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    Social Intercourse and Social Epistemology from Thomas Reid's Point of View
    (2015-09-02) Crosby, Alastair; Rysiew, Patrick William
    The first aim is to present the correct interpretation of Thomas Reid’s (1710-96) social epistemology. The second is to use Reid’s insights on these matters to help make some progress on a related contemporary philosophical problem. In the first chapter, I present and argue for an original interpretation of Reid’s account of the social operations. In the second, I do the same with respect to Reid’s account of testimony (a particular species of social operation) and its epistemology. In the third, I discuss a contemporary debate between epistemic individualists and epistemic socialists. I point out that the theorists engaged in that debate assume that epistemic individualism and epistemic socialism are inconsistent positions. I then consider the debate from Reid’s perspective, and, in doing so, show how the two positions might be reconciled.
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    On Virtue, Value, and Epistemic Normativity
    (2015-09-01) Boren, Ted (Buddy); Rysiew, Patrick William; Cameron, Margaret
    Virtue epistemology is epistemological evaluation that gives ‘intellectual virtue’ a primary consideration in its analysis. This thesis is about how two types of virtue epistemology are related to each other, and how when taken broadly as a whole, virtue epistemology has theoretical and practical benefits for epistemic and epistemological evaluation. I begin by way of a quick historical review, and define epistemology as the study of good or bad ways of grasping reality. Part One is then devoted to describing the ‘virtue’ part of virtue epistemology. I posit a broad view of virtue: that human excellences come in the form of cognitive faculties and character traits. What binds them is a meta-epistemological commitment that epistemological analysis should focus on the whole of the person, which includes how the person relates to the environment, other persons, and importantly the values of the whole person. In Part Two, I take a closer look of how the various conceptions of intellectual virtue are different, specifically with an examination of epistemic value. In Part Three, I take up an objection levelled by the Epistemic Anti-Realist that is a call for concern for intellectual virtues, and epistemological evaluation on the whole.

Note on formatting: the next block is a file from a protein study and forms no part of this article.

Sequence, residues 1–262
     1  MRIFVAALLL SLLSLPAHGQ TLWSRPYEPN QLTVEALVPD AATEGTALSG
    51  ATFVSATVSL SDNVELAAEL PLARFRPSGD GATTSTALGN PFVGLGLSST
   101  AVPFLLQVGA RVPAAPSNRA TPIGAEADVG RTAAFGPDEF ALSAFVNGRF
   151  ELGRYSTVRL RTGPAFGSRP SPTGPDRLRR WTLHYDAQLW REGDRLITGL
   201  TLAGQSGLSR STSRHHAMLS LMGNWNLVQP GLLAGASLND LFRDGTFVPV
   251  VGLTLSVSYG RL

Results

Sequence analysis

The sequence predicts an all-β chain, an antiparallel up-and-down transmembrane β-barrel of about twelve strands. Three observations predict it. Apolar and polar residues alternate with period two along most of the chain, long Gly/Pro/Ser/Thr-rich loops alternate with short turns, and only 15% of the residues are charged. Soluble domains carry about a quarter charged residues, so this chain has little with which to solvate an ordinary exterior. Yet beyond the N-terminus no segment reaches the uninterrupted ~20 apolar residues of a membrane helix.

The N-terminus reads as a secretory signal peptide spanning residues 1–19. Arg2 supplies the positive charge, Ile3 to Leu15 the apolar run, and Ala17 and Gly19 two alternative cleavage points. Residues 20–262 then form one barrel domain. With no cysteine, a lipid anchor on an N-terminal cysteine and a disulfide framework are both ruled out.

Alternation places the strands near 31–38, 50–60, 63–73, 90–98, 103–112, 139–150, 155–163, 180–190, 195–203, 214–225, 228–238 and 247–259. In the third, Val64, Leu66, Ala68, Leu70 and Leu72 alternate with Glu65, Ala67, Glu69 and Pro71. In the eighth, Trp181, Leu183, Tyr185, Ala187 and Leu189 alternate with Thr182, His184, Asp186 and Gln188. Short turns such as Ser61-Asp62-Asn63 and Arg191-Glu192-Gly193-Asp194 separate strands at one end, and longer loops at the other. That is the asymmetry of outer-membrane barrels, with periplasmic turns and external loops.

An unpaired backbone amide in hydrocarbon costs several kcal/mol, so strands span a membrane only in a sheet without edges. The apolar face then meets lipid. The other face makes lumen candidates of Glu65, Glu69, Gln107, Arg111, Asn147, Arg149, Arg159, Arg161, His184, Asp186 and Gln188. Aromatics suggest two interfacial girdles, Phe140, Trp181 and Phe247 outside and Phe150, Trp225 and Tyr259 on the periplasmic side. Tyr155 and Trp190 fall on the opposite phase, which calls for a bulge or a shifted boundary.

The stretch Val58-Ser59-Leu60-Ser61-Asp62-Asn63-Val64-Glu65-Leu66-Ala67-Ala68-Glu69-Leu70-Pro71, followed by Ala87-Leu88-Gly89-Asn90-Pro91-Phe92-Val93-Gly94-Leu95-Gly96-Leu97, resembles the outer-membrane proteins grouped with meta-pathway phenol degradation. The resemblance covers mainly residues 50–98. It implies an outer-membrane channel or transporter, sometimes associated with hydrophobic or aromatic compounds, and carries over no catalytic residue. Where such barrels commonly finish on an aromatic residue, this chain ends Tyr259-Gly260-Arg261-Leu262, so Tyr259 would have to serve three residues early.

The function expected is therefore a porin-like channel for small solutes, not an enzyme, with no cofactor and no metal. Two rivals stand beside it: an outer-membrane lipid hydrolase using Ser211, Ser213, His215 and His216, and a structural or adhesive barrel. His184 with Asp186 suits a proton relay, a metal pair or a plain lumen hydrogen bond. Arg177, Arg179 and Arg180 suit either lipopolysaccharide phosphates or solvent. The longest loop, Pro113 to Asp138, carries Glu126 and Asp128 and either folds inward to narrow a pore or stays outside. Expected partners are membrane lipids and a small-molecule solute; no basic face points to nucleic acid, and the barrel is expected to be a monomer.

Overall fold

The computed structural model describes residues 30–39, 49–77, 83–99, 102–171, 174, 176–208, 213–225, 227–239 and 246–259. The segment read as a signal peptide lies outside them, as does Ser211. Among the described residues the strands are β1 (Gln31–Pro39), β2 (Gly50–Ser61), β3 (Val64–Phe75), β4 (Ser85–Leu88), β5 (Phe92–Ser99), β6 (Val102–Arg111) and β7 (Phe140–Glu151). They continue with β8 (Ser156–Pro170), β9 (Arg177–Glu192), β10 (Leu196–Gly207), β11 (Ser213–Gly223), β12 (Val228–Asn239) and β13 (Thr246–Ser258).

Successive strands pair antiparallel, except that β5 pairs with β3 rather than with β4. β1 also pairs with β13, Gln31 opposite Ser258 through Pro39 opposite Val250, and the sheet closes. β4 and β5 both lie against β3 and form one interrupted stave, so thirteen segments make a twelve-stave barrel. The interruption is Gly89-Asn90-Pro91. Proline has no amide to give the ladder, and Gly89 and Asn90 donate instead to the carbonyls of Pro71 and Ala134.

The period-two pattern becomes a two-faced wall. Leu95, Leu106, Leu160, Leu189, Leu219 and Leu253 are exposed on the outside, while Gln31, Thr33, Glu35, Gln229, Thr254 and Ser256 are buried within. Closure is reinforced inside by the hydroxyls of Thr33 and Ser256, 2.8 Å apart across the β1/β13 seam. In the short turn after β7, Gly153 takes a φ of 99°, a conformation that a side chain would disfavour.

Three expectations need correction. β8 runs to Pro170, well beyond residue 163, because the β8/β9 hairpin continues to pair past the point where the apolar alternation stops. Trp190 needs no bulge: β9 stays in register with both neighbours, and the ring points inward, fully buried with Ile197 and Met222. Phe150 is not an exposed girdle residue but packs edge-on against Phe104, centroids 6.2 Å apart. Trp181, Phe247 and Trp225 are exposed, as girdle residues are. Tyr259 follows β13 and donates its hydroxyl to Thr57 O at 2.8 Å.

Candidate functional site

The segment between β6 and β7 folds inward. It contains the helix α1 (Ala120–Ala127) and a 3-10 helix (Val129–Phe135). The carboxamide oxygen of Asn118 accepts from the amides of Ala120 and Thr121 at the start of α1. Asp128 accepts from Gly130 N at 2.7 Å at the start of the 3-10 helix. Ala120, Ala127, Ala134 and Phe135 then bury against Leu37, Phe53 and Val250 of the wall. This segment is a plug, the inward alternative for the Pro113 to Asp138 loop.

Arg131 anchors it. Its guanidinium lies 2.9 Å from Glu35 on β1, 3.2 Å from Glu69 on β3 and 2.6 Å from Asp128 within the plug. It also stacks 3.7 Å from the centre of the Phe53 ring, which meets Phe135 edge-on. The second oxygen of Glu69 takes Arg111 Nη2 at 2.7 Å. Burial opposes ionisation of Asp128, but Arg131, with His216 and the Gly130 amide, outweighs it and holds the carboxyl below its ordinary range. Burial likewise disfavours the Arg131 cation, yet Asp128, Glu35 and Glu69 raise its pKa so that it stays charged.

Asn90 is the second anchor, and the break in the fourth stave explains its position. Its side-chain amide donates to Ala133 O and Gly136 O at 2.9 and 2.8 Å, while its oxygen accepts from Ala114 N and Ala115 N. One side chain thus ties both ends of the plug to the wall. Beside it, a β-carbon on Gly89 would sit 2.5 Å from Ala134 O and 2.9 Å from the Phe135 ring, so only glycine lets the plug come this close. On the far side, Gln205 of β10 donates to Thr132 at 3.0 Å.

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    Is Sufficientarianism Sufficient? Prospects for the Sufficiency Threshold
    (2015-09-01) Hiebert, Melissa; Woodcock, Scott Frederick
    The central doctrine of sufficientarianism is that there is a certain threshold below which people are said to be objectively "badly-off," and that providing benefits to people who fall into this category has a special moral urgency. A big part of sufficientarianism's success as a theory, then, relies on the ability to define the threshold in a manner that is non-arbitrary and that justifies a large difference in moral consideration between people who are on opposite sides of the threshold. This thesis examines some attempts to define such a threshold, and eventually concludes that no such threshold is available to us. However, while sufficientarianism may not work as a theory, sufficiency thresholds remain useful due to their practical ability to give useful instruction to policy makers in order to assist in resource distribution and the promotion of social justice.
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    Overeating, Obesity, and Weakness of the Will